FEATURE

Your Brain on Klimt


In his new book, The Age of Insight, University Professor Eric Kandel explores the interface of art and neuroscience through portraits by three turn-of-the-century Austrian painters. Here, the Nobel Prize — winning neuroscientist shares his own insights — into his book, his past, and our love affair with pictures.

by Eric Kandel Published Summer 2012
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Gustav Klimt’s Judith I, 1901 (oil on canvas) at the Museo Correr in Venice, Italy  / Getty / Marco SecchiGustav Klimt is essentially an art nouveau artist. He influenced Oskar Kokoschka, the first great Austrian expressionist painter, and Kokoschka later influenced Egon Schiele, who carried expressionism even further. These three artists were uncovering unconscious mental processes in their drawing and painting in parallel with Sigmund Freud and Arthur Schnitzler, who were doing so in their writing. All of them, through their connections in Vienna’s salons, were influenced by Carl von Rokitansky, the head of the Vienna School of Medicine.

Rokitansky’s motto was “Truths are hidden from the surface.” He was attempting to make medicine more scientific; it really hadn’t been before. He told his students, “When you examine a patient at the bedside, all you have to go on is the history and physical examination. You hear sounds coming from the heart, but you don’t know what those sounds mean. Does an abnormal sound from the heart come from the aortic valve, from the tricuspid valve, the mitral valve?” They didn’t know in those days. The only way they could discover the answer was to correlate their findings from the bedside with what the patient showed in his autopsy after his death. In Vienna, unlike any other city in Europe, everybody who died in the general hospital was autopsied, and the autopsies were done by one person. Rokitansky collaborated with a great clinician, Josef Skoda, and they compared the autopsy results with what they had heard and seen at the bedside. They were able to make sense of the clinical examination and began clinical-pathological correlation, which is the basis of modern scientific medicine.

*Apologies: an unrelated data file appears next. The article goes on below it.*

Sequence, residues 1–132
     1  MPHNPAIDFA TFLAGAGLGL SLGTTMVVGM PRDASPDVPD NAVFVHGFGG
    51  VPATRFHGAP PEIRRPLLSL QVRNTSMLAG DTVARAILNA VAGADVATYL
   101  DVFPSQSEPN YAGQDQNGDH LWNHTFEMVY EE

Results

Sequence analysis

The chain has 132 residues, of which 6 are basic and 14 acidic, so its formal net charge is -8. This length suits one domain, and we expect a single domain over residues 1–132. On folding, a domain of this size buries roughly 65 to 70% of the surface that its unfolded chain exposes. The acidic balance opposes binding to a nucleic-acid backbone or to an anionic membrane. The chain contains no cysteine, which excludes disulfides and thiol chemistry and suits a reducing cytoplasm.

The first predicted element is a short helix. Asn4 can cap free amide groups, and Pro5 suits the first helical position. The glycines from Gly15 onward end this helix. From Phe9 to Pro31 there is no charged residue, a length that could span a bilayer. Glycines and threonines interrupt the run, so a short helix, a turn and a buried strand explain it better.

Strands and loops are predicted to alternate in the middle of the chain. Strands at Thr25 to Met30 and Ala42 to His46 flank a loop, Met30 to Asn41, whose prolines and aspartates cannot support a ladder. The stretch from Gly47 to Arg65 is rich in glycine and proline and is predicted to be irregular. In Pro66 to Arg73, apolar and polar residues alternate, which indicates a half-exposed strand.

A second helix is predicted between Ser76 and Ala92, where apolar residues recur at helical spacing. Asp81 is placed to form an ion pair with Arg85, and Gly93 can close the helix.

Rokitansky was later elected to parliament and became a spokesman for science and a public intellectual. His belief that you have to go deep below the skin to really understand what’s going on became the leitmotif that guided Freud, Schnitzler, and the three Viennese modernist artists. Don’t immediately believe what the patient thinks his illness is about: you have to dig deeper into the unconscious mental process. Freud developed psychoanalysis as a way to understand and explain the nature of unconscious drives.

Of course he missed a number of things. For one, he had limited insight into female sexuality.

But Klimt, a painter of the unconscious, had remarkable insights into female sexuality and was able to enrich our understanding of it. He appreciated that women had an independent sexual existence from that of men, and understood that sexuality is not a pure drive that always exists by itself, but can be fused with aggression. We see this in Klimt’s 1901 painting of Judith and Holofernes, which is singular in Western art. (Top of page.) In this story from the Jewish apocrypha, Judith, a modest widow, plans to save her people from Nebuchadnezzar’s general Holofernes, whose troops had laid siege to her small town near Jerusalem. She enchants Holofernes, he celebrates and drinks heavily, and she encourages him to take her to his tent. There she seduces him, he falls asleep, and she decapitates him. In Klimt’s portrait she hardly appears to be a modest widow. She is in a postorgiastic phase, fondling his head, which is barely visible in the corner. The picture, which fuses eroticism with aggression, is an unprecedentedly modern depiction of the femme fatale. Klimt reveals that the power of women can be frightening and, with the decapitation, anticipates Freud’s writings about castration anxiety.

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